I walked up to Mesa Arch just after 3am – the first one to arrive that morning – but within forty-five minutes had tripod legs interlocked on either side of mine. Things remained cordial, our little group of strangers shivering in the cliff edge darkness, until another photographer emerged and apparently felt entitled to my front row spot. He boasted of owning a gallery, criticized my “entry-level” equipment, tried repeatedly to get me to give up my position, and made fun of my quiet response. I ignored him, but remained tense as a large crowd gathered, packing tighter and tighter to the point you couldn’t move an arm without bumping someone or hearing somebody behind growl that you were in their frame. When the sun finally broke the horizon emotions almost boiled over as casual onlookers tried to stretch cell phones through the wall of photographers to sneak quick snapshots. The sunrise itself was beautiful – surely a sight to behold – and I came away with an image I was happy with, as I’m sure the thousands of other photographers who have captured nearly the same have been pleased with theirs. Beyond that though, it bordered on a mob scene.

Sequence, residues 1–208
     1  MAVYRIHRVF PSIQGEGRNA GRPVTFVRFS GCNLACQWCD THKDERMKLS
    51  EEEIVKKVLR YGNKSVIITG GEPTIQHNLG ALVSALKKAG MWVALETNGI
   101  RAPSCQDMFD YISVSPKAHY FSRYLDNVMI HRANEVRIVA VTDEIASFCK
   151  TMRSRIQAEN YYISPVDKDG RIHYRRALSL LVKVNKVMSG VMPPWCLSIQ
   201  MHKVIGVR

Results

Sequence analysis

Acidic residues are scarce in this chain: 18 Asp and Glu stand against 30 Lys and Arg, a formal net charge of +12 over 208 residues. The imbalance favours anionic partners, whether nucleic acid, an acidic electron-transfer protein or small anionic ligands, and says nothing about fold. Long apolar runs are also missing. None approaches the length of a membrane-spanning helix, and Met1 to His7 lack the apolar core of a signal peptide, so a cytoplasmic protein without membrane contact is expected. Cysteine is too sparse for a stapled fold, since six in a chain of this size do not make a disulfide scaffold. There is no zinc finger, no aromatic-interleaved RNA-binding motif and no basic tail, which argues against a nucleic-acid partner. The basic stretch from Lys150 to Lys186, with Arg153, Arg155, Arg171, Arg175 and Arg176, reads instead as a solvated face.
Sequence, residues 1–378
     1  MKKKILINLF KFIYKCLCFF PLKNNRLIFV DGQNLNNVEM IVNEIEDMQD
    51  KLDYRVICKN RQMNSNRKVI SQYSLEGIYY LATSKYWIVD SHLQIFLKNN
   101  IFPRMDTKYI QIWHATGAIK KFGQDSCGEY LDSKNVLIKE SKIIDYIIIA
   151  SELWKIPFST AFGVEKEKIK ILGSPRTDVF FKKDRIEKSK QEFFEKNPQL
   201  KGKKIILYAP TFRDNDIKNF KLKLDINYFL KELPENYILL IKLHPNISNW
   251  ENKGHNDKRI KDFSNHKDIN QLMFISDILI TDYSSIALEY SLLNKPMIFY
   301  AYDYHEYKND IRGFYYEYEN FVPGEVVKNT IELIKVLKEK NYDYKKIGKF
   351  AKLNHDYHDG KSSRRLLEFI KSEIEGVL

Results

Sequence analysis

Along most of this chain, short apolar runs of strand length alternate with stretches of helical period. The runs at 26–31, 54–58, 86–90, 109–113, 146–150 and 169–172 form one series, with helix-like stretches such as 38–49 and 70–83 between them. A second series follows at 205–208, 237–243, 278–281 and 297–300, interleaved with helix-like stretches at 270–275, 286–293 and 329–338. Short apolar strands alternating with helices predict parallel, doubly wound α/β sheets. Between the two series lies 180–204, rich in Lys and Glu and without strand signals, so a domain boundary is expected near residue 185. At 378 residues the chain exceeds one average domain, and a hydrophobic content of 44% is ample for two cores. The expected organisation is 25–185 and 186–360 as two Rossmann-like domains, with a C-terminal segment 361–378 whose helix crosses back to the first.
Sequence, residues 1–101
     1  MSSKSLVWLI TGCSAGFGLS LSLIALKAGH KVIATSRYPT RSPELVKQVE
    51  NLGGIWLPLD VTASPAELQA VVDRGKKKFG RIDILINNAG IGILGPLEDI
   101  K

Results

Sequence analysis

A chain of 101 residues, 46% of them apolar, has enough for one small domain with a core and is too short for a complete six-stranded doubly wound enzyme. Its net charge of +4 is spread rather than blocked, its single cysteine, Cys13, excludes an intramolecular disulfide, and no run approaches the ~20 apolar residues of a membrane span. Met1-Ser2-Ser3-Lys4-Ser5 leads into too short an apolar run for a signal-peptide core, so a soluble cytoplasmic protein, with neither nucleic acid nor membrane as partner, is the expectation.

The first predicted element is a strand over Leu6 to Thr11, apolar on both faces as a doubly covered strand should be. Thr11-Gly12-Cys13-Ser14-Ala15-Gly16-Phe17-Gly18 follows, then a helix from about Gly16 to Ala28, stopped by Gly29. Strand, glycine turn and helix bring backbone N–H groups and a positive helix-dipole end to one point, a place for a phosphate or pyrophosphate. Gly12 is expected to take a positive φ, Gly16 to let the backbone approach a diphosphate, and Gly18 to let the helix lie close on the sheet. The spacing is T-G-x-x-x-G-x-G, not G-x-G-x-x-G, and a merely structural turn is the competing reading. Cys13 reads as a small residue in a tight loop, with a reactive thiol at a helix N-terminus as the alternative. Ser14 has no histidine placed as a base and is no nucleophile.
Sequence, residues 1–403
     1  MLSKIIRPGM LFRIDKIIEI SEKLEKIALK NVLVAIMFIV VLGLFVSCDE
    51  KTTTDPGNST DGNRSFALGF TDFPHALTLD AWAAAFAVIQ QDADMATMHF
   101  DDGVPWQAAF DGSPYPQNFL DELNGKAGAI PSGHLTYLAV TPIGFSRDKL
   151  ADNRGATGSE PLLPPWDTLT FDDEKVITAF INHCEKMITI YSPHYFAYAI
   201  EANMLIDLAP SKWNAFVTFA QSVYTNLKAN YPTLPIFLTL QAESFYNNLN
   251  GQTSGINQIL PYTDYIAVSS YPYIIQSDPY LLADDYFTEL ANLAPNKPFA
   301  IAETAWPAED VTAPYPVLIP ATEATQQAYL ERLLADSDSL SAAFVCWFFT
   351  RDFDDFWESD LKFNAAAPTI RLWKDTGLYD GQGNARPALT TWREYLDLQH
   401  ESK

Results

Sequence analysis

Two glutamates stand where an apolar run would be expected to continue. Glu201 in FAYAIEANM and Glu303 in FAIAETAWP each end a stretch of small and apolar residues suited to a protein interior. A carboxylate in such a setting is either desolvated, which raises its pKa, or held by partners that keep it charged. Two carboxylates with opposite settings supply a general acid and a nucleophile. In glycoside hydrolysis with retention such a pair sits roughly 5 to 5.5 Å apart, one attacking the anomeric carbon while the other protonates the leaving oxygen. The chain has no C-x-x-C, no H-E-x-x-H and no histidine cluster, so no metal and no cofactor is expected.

A week later I was back home in Iowa and ventured out one foggy dawn to shoot the fall colors in a local state park. I hiked into the woods with no predisposed expectations, no specific “spot” to race to, and not another person in sight. I relished the damp smell of the forest, listened to wild geese pass overhead, and watched leaves twirl through the misty sky returning gently to the Earth. I spent hours exploring the riverbank in quiet contemplation with no one to distract from my thoughts – save for one chubby little muskrat (I’d set up in a spot for so long marveling at how the sunlight was breaking the fog that he splashed repeatedly in surprise, each time not realizing I was still there. For what it’s worth though, he didn’t offer a single critique of my gear at all.)